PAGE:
A plausible reaction mechanism is shown in Scheme 4. In conjunction with the oxidative activation of the aniline nitrogen atom in 2a by PhI(OAc)2, the nitrogen atom undergoes nucleophilic attack by the π-electron of the alkene, after which the carboxylic acid cyclized to give furoindolin-2-one 3a.
The conditions for palladium(II) mediated oxidative difunctionalization of alkenes reported by Muñiz were applied to trisubstituted alkene 2a (Table 2). When 1 equivalent of the palladium reagent with 1.5 equivalents of PhI(OAc)2 treated with 2a in DMF at room temperature, product 3a was obtained in 19% yield with PdCl2, in 29% yield with Pd(OCOCF3)2, and in 58% yield with Pd(OAc)2 (entries 1–3). Using Pd(OAc)2 in MeCN, 3a was obtained in 50% yield (entry 4). Based on the above results, a catalytic amount of Pd(OAc)2 was examined using DMF or MeCN. First, when 0.2 equivalent of Pd(OAc)2 was reacted at room temperature for 24 h, the yield of 3a decreased to 14% in DMF and was maintained at 51% in MeCN (entries 5 and 6). When the reaction was performed under refluxing MeCN, the reaction time was shortened and the yield of 3a increased to 78% (entry 7). Further reduction the amount of Pd(OAc)2 to 0.1 equivalent decreased the product yield to 47% (entry 8). With the optimum conditions in hand, the substituent effect on nitrogen atom was examined. The ethoxycarbonyl compound 2b gave the corresponding product 3b in 56% yield (entry 9). Even with 2c possessing a bulky Boc group, product 3c was obtained in 38% yield (entry 10). Even when the Cbz and Alloc substituents attached to nitrogen, products 3d and 3e were obtained in 33% and 29% yields, respectively (entries 11 and 12).
A reaction mechanism for the cyclization was proposed based on the report by Muñiz. [10,13,14,15,16] (Scheme 5). First, Pd(OAc)2 reacts with the nitrogen atom of substrate 2a and coordinates with the alkene to form intermediate 8. Subsequently, anti-oxypalladation occurs on the alkene to generate the six-membered palladacycle intermediate 9. Furthermore, palladium(II) is oxidized to palladium(IV) by PhI(OAc)2 to form intermediate 10, followed by the reductive elimination of palladium(IV) in 10 to produce 3a and palladium(II) species.

3. Materials and Methods

3.1. General Information

All melting points were measured on a Yanagimoto micro melting point apparatus. IR spectra were recorded on a JASCO FT/IR-4100 spectrometer and absorbance bands are reported in wavenumber (cm−1). 1H NMR spectra were recorded on JEOL JNM-AL 300 and 400 (300 and 400 MHz) spectrometer or JEOL JNM-ECS 400 (400 MHz) spectrometer. Chemical shifts are reported relative to internal standard (tetramethylsilane at δH 0.00, CDCl3 at δH 7.26). Data are presented as follows: chemical shift (δ, ppm), multiplicity (s = singlet, d = doublet, t = triplet, q = quartet, m = multiplet), coupling constant and integration. 13C NMR spectra were recorded on JEOL JNM-ECA 400 (100 MHz) spectrometer. Chemical shifts are reported relative to internal standard (CDCl3 at δ 77.00). Mass spectra were recorded on a JEOL JMS 700 instrument with a direct inlet system. Column chromatography was carried out on Kanto silica gel 60 N (40–50 mesh). Analytical thin layer chromatography (TLC) was carried out on Merck Kieselgel 60 F254 plates with visualization by ultraviolet, anisaldehyde stain solution or phosphomolybdic acid stain solution. All non-aqueous reactions were carried out in flame-dried glassware under argon atmosphere unless otherwise noted. Reagents were purchased from TCI, nacalai tesque, Kanto chemical, FUJIFILM Wako chemicals or Sigma-Aldrich. Reagents and solvents were used without purification. Substrate 4 was synthesized by a reported method [12], and spectra data agreed with the literature values.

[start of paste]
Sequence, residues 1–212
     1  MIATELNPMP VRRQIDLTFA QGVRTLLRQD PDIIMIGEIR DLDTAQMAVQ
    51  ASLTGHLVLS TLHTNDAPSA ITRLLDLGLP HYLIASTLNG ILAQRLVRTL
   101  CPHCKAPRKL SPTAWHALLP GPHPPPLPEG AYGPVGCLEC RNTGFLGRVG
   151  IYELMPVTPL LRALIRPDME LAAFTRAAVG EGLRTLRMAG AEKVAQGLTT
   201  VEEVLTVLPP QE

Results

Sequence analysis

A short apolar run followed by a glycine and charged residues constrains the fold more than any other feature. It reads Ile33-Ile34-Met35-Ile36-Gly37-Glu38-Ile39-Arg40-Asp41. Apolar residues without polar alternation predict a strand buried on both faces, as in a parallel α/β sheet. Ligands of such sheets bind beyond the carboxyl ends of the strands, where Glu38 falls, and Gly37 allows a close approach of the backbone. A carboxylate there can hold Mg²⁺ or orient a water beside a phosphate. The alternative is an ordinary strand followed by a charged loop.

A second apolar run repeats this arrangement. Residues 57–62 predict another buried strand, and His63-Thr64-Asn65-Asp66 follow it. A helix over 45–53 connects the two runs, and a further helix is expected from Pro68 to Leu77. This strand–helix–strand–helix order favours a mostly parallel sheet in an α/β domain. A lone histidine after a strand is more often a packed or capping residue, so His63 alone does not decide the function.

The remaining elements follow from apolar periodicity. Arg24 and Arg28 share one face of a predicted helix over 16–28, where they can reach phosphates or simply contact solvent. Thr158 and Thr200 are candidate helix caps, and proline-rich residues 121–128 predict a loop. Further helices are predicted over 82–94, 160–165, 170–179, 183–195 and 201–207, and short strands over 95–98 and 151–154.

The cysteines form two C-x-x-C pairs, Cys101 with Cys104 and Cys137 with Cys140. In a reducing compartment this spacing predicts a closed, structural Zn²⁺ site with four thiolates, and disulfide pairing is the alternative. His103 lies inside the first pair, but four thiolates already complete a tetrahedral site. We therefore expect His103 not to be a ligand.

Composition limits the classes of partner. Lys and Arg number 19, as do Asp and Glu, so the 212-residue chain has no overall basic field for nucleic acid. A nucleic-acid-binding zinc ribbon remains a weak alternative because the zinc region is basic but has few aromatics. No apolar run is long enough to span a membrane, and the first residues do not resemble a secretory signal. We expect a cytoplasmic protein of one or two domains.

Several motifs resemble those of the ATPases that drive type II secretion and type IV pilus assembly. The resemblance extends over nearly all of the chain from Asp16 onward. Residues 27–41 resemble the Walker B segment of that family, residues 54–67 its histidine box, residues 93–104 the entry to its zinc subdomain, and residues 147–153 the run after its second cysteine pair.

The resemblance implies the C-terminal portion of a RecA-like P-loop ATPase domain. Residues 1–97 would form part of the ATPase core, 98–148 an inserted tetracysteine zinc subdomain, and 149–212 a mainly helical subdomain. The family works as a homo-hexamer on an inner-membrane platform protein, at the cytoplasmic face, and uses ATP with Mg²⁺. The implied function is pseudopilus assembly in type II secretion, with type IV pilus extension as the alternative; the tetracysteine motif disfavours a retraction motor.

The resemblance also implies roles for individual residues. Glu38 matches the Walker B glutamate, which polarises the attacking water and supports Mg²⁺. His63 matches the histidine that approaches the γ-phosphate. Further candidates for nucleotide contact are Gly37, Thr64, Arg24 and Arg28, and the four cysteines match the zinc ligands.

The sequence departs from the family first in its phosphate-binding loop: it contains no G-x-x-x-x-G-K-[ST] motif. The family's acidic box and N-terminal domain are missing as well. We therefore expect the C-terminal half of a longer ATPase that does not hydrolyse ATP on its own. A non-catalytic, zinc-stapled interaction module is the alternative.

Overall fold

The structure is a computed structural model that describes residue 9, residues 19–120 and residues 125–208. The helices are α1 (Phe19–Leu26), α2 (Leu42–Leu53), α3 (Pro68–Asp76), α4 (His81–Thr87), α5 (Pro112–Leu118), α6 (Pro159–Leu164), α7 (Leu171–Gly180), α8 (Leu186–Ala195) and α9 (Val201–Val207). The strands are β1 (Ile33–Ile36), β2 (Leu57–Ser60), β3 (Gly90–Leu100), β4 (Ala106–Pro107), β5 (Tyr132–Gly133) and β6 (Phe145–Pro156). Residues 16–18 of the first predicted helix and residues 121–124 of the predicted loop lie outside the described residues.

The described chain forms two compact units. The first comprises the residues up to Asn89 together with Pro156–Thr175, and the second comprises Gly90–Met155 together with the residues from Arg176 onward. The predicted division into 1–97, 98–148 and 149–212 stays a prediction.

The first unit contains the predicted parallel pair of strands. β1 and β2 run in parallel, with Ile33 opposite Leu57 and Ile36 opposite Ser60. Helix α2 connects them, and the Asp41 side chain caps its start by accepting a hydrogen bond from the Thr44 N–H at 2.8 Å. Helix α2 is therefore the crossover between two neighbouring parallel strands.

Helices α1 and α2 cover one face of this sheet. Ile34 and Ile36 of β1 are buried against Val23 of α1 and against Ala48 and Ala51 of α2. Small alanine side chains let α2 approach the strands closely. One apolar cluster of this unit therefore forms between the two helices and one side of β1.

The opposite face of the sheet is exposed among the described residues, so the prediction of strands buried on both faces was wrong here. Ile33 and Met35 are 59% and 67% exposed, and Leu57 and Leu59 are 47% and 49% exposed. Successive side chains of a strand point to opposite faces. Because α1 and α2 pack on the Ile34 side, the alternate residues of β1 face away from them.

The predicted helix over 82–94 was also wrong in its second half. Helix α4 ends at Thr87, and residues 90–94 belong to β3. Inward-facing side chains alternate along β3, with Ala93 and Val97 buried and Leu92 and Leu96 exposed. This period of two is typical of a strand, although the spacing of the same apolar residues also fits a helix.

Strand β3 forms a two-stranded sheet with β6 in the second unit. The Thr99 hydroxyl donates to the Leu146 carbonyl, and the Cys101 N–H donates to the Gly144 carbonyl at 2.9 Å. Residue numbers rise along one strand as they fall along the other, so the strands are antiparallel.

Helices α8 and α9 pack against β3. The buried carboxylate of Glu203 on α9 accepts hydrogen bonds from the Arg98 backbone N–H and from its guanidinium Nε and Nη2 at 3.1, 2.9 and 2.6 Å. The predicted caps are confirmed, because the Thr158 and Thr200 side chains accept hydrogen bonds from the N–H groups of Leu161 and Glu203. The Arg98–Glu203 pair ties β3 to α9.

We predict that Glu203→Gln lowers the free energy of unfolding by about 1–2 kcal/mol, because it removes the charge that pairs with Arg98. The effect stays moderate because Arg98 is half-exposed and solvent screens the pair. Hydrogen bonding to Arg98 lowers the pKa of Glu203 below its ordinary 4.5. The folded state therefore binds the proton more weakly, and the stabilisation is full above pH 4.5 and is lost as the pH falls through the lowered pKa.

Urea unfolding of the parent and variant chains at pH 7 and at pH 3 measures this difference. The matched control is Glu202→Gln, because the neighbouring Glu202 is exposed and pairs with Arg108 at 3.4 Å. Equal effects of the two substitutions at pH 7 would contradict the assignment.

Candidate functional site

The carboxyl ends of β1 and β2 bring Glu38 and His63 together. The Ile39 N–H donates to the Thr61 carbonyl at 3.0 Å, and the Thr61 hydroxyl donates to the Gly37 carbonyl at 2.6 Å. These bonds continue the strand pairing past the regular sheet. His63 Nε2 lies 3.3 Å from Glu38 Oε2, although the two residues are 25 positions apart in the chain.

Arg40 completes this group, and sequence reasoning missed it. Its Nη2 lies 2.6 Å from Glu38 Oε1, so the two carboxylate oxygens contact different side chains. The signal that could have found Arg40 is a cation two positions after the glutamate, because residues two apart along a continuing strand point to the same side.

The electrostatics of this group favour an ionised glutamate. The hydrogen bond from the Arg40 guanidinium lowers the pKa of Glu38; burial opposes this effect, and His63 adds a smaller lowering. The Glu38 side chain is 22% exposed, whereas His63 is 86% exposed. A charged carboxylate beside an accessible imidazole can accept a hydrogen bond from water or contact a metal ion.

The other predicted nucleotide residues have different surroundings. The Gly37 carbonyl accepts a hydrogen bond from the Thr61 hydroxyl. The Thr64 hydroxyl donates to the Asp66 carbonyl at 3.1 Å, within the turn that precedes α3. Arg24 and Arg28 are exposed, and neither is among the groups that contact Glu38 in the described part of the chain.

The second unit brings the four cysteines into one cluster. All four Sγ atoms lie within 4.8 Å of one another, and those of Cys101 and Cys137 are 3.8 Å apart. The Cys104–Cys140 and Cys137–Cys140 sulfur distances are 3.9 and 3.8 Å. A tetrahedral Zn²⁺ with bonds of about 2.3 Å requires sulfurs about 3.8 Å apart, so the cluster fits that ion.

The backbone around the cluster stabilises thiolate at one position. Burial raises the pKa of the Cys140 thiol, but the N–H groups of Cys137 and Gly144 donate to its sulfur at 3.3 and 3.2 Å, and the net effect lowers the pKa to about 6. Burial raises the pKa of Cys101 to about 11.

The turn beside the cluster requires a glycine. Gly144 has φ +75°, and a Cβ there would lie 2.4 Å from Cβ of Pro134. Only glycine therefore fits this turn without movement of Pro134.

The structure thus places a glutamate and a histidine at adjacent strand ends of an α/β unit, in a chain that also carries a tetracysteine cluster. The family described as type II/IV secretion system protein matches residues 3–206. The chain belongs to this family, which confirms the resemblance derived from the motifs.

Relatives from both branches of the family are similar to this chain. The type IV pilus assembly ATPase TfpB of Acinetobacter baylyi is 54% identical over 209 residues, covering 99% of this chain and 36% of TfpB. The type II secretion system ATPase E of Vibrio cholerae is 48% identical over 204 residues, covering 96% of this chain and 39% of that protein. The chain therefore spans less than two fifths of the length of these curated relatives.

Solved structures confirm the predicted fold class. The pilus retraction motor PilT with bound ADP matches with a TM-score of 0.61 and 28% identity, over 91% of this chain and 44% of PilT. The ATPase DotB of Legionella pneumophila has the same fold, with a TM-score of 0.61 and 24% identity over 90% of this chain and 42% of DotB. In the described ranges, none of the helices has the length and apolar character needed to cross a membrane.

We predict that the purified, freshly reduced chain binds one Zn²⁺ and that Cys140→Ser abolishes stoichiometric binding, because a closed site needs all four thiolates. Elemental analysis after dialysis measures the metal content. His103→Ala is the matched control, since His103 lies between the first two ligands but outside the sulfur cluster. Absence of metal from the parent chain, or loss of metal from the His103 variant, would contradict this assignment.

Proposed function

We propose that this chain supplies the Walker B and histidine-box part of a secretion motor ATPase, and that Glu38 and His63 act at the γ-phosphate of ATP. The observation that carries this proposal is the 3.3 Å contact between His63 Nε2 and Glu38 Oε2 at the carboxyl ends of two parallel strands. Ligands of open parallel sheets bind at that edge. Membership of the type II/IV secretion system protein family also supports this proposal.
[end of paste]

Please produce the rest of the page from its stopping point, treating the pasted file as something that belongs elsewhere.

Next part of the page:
3.2. Preparation and Characterization of Novel Compounds

3.2.1. General Procedure for the Synthesis of Alkyl 5-Methyl-2-oxo-2,3-dihydro-1H-benzo[b]azepine-1-carboxylate (5a,b,d,e)

A solution of 4 in THF was cooled to −78 °C, n-BuLi (1.6 M in n-hexane) was added, and the mixture was stirred for 30 min. Alkyl chloroformate was added to the mixture, and the mixture was stirred for 20 min at same temperature. After confirming the disappearance of substrate 4 by TLC, saturated the NH4Cl aqueous solution was added. The reaction mixture was extracted with CH2Cl2. The organic layer was washed with a saturated aqueous NaCl solution, dried with anhydrous MgSO4, filtered. The filtrate was concentrated under reduced pressure. The residue was purified by silica gel column chromatography to give 5.

Methyl 5-Methyl-2-oxo-2,3-dihydro-1H-benzo[b]azepine-1-carboxylate (5a)

4 (0.10 g, 0.58 mmol), THF (2.3 mL), n-BuLi (0.73 mL, 1.2 mmol), methyl chloroformate (90 μL, 1.2 mmol), eluent (AcOEt/n-hexane = 1/2), 5a (0.14 g, quant.). Pale yellow oil. IR (KBr): 3547, 2954, 1779, 1224 cm−1. 1H-NMR (400 MHz, CDCl3): δ 2.22 (3H, s), 2.69 (1H, brs), 3.04 (1H, brs), 3.79 (3H s), 5.90 (1H, tq, J = 7.1, 1.4 Hz), 7.24–7.27 (1H, m), 7.30–7.37 (2H, m), 7.47–7.49 (1H, m). 13C-NMR (100 MHz, CDCl3): δ 20.8, 37.4, 54.1, 121.6, 126.5, 127.0, 127.2, 127.6, 135.5, 135.9, 136.4, 153.9, 172.5. MS (EI): m/z (%) 231 (M+, 13), 190 (11), 189 (100), 144 (37). HRMS (EI): m/z calcd for C13H13NO3 [M+] 231.0895, found 231.0892.

Ethyl 5-Methyl-2-oxo-2,3-dihydro-1H-benzo[b]azepine-1-carboxylate (5b)

4 (0.13 g, 0.74 mmol), THF (7.4 mL), n-BuLi (0.69 mL, 1.1 mmol), ethyl chloroformate (0.14 mL, 1.5 mmol), eluent (AcOEt/n-hexane = 1/2), 5b (0.13 g, 70%). Pale yellow oil. IR (KBr): 3381, 2981, 1777, 1219 cm−1. 1H-NMR (300 MHz, CDCl3): δ 1.25 (3H, t, J = 7.1 Hz), 2.21 (3H s), 2.69 (1H, brs), 3.02 (1H, brs), 4.25 (2H, brq, J = 6.2 Hz), 5.90 (1H, tq, J = 7.0, 1.5 Hz), 7.21–7.34 (3H, m), 7.46–7.49 (1H, m). 13C-NMR (100 MHz, CDCl3): δ 14.4, 25.0, 34.3, 61.2, 115.2, 119.5, 121.4, 123.3, 128.0, 128.2, 134.4, 137.9, 153.9, 177.6. MS (EI): m/z (%) 245 (M+, 16), 204 (12), 203 (100), 173 (10), 172 (17), 158 (14), 144 (55), 143 (12), 131 (19), 130 (27). HRMS (EI): m/z calcd for C14H15NO3 [M+] 245.1052, found 245.1050.